Our Carling page only went live two months ago. We recognise that people want to have more engaging conversations rather than listening to us telling them what we are doing – so we’d certainly hope to rise up the rankings. We also have a ’We love curry’ Facebook page for Cobra, which has about 90,000 fans.
It surprises me that charity work appears in the list of what people are talking about. I wonder if people think that brands are doing great charitable things or not enough. But it shows that it is important as brands move into corporate responsibility.
We work with agency Shiny Red, which monitors the conversations but we also involve ourselves. You will regularly see me pop up in conversations about our brands.
We can advertise what the perfect pint of Carling should be, but people are actually talking about what happens when they buy a pint in a pub. That is the level of conversation you have to get into.
I am not surprised that social media conversations focus largely on customers’ own experience with brands, rather than marketing or media coverage.
People engage in social media mainly for personal reasons, and as part of this they will share their positive and negative experiences of a brand.
Using social media to provide customer service, a route that John Lewis is committed to, is about dealing with people individually. Customer loyalty is built on trust, and you earn this by being helpful and human. This isn’t a new rule specifically for social media, it rings true for the wider relationship a brand should have with its customers. The shopfloor mentality applies in social media as much as it does elsewhere.
Having launched our social media properties in October last year, we’ve learned that when a brand starts out in social media there is a clear distinction between the wider conversation about a brand and those in which the brand itself is engaged in.
So to build an audience, you need to be relevant. Listening and gaining insight from wider conversations is a critical part of the process. Ultimately, the more John Lewis understands what is being said the better we can adapt our strategy to make sure we facilitate positive conversations.
Digital brand development manager
The research shows that people are talking about quality, price, helpfulness of staff and customer service rather than marketing or media coverage and this reflects what we see day to day. But we also see massive spikes when extra marketing is going on, such as our pre-Christmas campaign with Bing Crosby. We started measuring online sentiment a couple of years ago.
Marketing isn’t part of the conversation all the time but when there are things that really resonate with the public they will tell you about it, which can be quite positive.
We look at ourselves and compare ourselves with our competitors, and we break down sentiment by categories. We do that to understand what people were saying about us, with a view to us seeing how we could be useful to people, so that first stage was a listening phase.
The biggest things that people talk about are our products and quality, and there is lots of discussion around value and the customer service in our stores.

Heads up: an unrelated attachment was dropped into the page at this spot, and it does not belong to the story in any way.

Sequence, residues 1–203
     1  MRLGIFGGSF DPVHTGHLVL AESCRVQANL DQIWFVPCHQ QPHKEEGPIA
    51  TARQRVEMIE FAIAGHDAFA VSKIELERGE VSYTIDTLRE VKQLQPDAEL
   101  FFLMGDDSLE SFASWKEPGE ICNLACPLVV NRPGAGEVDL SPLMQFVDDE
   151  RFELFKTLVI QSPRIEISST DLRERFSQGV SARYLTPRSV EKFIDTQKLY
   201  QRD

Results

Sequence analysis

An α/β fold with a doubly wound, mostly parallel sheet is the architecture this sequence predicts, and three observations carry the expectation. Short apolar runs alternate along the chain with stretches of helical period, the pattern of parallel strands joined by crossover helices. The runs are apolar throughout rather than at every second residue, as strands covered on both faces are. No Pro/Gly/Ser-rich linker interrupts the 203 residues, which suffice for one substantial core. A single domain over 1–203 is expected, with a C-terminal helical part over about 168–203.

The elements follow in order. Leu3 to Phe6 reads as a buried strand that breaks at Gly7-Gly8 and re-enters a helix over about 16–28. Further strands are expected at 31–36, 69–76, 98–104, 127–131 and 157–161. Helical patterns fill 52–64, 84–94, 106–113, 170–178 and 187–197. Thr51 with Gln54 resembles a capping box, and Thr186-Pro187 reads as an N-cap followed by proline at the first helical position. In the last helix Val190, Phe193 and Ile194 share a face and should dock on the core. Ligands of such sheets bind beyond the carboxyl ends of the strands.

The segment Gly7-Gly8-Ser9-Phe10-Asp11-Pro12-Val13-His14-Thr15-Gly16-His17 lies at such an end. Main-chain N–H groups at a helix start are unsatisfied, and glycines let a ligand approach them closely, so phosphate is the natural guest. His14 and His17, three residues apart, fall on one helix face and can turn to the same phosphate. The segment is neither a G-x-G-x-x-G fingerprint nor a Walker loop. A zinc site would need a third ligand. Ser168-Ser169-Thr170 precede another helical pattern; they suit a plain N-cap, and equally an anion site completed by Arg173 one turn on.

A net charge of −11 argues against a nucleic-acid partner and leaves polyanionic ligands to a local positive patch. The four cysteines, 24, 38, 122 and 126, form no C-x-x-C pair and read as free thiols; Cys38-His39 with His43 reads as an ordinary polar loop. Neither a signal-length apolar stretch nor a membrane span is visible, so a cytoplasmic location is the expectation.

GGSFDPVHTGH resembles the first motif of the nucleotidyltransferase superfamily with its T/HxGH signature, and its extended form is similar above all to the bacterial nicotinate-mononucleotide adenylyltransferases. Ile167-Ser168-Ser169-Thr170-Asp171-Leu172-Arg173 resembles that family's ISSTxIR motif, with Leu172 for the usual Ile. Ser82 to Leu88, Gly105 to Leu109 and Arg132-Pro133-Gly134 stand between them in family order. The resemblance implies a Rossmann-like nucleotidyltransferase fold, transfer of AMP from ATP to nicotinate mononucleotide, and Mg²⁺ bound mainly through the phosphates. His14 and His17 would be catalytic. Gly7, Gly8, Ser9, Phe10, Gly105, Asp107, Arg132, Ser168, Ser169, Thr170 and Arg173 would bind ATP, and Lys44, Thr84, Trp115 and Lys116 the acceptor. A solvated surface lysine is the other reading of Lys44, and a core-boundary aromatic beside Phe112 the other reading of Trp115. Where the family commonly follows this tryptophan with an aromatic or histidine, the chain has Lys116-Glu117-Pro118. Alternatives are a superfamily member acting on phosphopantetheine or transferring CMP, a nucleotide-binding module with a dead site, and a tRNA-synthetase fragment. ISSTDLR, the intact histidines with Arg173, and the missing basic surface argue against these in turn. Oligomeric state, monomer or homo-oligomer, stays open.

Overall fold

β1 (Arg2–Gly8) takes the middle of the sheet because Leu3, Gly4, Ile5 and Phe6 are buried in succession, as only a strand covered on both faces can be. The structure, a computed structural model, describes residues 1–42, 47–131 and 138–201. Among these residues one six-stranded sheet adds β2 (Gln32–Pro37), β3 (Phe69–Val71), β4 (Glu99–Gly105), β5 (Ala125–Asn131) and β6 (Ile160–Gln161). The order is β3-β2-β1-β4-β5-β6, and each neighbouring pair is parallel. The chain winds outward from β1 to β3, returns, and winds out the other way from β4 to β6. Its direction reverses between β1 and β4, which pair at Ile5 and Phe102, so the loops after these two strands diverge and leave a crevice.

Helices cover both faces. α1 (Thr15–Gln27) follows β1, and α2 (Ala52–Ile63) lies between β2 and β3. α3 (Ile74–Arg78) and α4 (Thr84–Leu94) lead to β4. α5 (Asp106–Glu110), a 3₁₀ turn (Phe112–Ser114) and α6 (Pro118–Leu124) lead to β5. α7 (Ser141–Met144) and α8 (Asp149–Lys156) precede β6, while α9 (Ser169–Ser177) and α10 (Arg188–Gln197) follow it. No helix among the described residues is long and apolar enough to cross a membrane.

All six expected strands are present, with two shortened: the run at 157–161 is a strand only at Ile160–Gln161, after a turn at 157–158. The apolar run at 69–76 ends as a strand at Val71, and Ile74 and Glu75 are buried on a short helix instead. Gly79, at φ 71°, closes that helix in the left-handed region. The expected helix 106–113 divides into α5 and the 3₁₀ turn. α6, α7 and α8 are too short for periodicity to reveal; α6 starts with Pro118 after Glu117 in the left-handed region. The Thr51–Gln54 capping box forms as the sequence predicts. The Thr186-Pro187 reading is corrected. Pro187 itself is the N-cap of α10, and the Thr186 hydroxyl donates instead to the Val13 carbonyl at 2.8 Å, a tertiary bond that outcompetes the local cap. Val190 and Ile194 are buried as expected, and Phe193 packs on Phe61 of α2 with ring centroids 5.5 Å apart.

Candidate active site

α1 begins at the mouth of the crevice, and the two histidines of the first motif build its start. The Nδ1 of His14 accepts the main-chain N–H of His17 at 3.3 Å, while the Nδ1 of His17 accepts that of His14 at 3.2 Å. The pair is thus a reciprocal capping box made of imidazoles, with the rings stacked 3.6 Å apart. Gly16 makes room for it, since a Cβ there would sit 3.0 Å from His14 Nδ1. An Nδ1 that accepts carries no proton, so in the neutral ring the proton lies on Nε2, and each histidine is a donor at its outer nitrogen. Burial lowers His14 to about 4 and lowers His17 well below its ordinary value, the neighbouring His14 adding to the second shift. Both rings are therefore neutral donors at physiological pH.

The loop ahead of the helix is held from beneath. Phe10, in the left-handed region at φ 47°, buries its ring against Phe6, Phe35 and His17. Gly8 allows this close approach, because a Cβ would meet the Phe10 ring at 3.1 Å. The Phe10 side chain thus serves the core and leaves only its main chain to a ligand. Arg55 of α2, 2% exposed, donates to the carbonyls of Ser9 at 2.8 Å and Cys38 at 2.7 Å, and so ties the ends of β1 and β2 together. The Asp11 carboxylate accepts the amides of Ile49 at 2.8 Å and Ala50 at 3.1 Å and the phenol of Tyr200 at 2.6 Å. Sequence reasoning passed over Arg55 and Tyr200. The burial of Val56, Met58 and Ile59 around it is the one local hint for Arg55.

We look at online sentiment by category – whether that is products, stores or delivery – and we launched Argos Helpers, which is our customer services via Twitter. We also launched our official Facebook page last October, which is one area where it is difficult to work out how you want to segment and what you want to talk about.
Head of digital marketing communication
Social media is not just a vehicle for people to express their opinions but also to share experiences. You share experiences you’ve had with brands as you do in life.
It’s far more motivating to talk about that in social media than to discuss the marketing a brand might have put out.
Buzz monitoring allows us to see the subjects that people are talking about within financial services and about HSBC. I’m flattered that the brand has come up quite well in this study.
I hope that has something to do with the proactive stuff we are doing. For example, we ran a campaign that tried to fuel conversation about how students fund university education – a topic close to people’s hearts.
We measure sentiment too. I think buzz metrics are a bit of a blunt instrument because they record all the mentions of HSBC regardless of when and how they’ve happened and a lot of that is the use of our brand in general conversation.
It’s harder for us to engage in a very direct banking conversation because people don’t want to talk about their finances and also because we are not allowed to publicly identify customers. Therefore, we need to find things that are attached to our business but are not customer service as say the model that Dell has adopted by delivering customer service through social media.
Exposure worked with The Centre for Brand Analysis and TNS to talk to more than 1,000 consumers from a nationally representative sample.
This was followed by qualitative research with friendship groups, as well as analysis of blogs in terms of the amount that people are talking about brands and whether they were making positive or negative comments.
The Talkonomics report looks at the automotive, home retail, beer and cider and financial sectors.